Riccardi Andrea: on the web

Riccardi Andrea: on social networks

change language
you are in: home - prayer - the everyday prayer contacting usnewsletterlink

Support the Community


The Everyday Prayer

printable version

Icon of the Holy Face
Church of Sant'Egidio, Rome

Memorial of the prophet Isaiah

Reading of the Word of God

Alleluia, alleluia, alleluia

This is the Gospel of the poor,
liberation for the imprisoned,
sight for the blind,
freedom for the oppressed.

Alleluia, alleluia, alleluia

John 6, 52-59

Then the Jews started arguing among themselves, 'How can this man give us his flesh to eat?'

Jesus replied to them: In all truth I tell you, if you do not eat the flesh of the Son of man and drink his blood, you have no life in you.

Anyone who does eat my flesh and drink my blood has eternal life, and I shall raise that person up on the last day.

For my flesh is real food and my blood is real drink.

Whoever eats my flesh and drinks my blood lives in me and I live in that person.

As the living Father sent me and I draw life from the Father, so whoever eats me will also draw life from me.

This is the bread which has come down from heaven; it is not like the bread our ancestors ate: they are dead, but anyone who eats this bread will live for ever.

This is what he taught at Capernaum in the synagogue.


Alleluia, alleluia, alleluia

The Son of Man came to serve,
whoever wants to be great
should become servant of all.

Alleluia, alleluia, alleluia

This Gospel makes us enter the second part of the discourse of Jesus on the bread of life in the synagogue of Capernaum. When the speech begins to be clear and asks for the involvement of the audience in the mystery of Jesus, the listeners interrupt him and begin to murmur against him; they can not accept that this young man of Nazareth is from heaven, sent by God: “How can this man give us his flesh to eat?” They speak in this way because they do not intend to stoop and ask one they think is their peer, the support for their life; they do not want to humble themselves to confess their hunger, to stretch their hand as the poor and the beggars in need of help do. In short, they do not want to depend on him. They feel satiated with their lives, even if it is not true. They rather remain in the obvious and sad daily routine than being involved in a larger design that asks them to leave their stingy tranquillity. Those who are sated by themselves do not ask; those who are full of their “selves” do not bend. In truth, though satiated and surrounded by goods, food, and words, we are hungry, hungry of happiness, hungry of love. We should look a little more at the poor who ask insistently, and imitate them. In a sated and consumerist society, but always sad and short-sighted, the poor can become the masters for a new life. They shed light on what we are secretly: beggars of love and attention. The poor are hungry, and not for bread alone, but also for love. So we are. Jesus continues to say also to us, “unless you eat the flesh of the Son of Man and drink his blood, you have no life in you.” To have life is not enough to want; it is not enough to understand, we need to eat, to feed on the gospel and on the love of our brothers and sisters. We need to become beggars of a bread that the world does not know how to produce and, anyway, does not know how to give. We are freely given the Eucharistic table; everyone can take part in it. And every time we participate in it, we anticipate heaven on earth. Around the altar, we find what feeds us and quenches our thirst today and for eternity. From this food, we learn what eternal life is, that which is worth living: “Whoever will eat me will live through me.” The Eucharist shapes us because we no longer live only for ourselves, but for the Lord and for our brothers and sisters. Happiness and the eternity of life depend on our ability to bear fruit from the evangelical love we receive in the Eucharist. This is why the ancient Fathers said that Christians “live according to Sunday,” that is, with the logic of the Eucharist, of Jesus who came to serve and to make the love between people grow.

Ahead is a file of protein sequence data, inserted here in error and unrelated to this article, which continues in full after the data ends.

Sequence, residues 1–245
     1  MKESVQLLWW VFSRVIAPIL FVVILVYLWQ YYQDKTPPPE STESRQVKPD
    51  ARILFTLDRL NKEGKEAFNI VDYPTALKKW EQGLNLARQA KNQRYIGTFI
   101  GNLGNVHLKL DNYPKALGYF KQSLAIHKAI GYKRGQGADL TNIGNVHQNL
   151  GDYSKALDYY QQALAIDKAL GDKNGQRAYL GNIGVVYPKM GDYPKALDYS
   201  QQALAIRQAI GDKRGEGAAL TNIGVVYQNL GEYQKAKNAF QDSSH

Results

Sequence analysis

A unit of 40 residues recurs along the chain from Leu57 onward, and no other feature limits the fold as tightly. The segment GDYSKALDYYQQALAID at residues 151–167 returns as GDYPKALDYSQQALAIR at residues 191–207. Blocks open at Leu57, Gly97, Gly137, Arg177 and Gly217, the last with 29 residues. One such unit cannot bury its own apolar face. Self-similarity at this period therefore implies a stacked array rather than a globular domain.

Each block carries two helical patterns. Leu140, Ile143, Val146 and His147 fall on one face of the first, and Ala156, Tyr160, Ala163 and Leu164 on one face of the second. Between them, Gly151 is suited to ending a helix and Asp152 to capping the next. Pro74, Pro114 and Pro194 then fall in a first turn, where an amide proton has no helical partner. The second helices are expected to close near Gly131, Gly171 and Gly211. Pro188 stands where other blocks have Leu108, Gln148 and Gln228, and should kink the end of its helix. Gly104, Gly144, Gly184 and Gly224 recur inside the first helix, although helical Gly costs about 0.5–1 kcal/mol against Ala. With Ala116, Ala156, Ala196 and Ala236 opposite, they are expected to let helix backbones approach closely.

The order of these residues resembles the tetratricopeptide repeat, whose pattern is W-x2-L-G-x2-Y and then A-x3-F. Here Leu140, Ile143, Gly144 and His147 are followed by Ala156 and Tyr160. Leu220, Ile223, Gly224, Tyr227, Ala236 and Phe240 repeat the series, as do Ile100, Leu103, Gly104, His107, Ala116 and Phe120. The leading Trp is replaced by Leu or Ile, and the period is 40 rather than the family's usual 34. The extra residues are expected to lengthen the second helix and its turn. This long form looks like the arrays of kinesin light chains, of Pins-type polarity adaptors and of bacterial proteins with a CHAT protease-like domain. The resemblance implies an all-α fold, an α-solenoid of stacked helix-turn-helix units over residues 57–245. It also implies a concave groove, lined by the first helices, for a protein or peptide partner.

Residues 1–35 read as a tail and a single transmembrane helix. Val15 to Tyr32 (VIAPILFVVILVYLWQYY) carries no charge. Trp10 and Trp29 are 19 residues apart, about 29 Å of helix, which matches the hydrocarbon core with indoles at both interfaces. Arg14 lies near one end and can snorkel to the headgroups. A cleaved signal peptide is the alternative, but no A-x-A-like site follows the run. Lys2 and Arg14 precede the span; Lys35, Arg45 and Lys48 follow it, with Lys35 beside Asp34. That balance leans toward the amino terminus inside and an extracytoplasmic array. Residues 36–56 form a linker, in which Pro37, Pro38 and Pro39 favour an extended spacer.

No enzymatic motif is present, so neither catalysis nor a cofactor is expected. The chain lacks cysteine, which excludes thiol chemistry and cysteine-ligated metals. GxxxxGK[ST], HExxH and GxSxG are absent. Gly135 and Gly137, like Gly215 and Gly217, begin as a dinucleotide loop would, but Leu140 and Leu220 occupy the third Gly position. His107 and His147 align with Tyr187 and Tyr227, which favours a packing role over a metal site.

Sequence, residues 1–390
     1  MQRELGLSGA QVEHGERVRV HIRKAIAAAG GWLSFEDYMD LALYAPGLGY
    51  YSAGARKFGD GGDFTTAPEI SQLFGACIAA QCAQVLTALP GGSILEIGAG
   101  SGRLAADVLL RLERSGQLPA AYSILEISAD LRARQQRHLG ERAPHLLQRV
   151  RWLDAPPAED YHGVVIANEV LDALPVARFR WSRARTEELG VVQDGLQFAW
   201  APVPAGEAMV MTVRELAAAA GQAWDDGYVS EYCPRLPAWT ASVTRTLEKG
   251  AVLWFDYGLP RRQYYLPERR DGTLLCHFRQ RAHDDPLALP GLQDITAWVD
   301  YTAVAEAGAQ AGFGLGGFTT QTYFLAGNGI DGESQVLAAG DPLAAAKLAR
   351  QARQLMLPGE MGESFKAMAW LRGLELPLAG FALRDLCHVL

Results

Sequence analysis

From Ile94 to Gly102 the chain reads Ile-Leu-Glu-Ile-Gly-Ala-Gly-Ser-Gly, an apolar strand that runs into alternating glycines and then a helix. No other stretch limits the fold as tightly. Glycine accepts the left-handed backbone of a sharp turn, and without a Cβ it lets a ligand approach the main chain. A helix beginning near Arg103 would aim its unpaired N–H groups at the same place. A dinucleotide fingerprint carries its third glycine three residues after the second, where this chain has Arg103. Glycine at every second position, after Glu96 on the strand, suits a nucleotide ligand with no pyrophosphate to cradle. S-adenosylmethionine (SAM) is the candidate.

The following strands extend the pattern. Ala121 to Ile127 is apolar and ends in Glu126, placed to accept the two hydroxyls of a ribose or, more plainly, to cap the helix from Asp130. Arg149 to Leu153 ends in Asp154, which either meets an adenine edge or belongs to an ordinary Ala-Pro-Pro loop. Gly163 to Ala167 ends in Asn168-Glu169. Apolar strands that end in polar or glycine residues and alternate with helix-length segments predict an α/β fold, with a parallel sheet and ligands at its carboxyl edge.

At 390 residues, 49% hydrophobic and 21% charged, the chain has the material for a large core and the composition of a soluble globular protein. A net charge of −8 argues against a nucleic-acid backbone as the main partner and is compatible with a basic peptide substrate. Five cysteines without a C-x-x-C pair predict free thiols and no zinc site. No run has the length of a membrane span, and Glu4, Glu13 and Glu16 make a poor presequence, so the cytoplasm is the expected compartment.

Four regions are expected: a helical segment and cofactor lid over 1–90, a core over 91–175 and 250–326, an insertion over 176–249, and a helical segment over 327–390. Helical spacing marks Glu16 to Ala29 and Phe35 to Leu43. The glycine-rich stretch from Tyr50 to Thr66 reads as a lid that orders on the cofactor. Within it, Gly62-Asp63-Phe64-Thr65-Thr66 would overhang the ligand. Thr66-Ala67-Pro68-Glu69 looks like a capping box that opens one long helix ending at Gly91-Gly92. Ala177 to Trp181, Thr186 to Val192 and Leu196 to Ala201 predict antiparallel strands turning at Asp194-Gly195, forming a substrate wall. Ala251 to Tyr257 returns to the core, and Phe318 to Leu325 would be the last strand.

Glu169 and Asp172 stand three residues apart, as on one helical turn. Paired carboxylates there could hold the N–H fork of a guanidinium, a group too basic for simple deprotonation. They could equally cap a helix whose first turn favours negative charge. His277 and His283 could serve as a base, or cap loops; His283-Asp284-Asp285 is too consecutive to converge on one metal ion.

Memory of Jesus crucified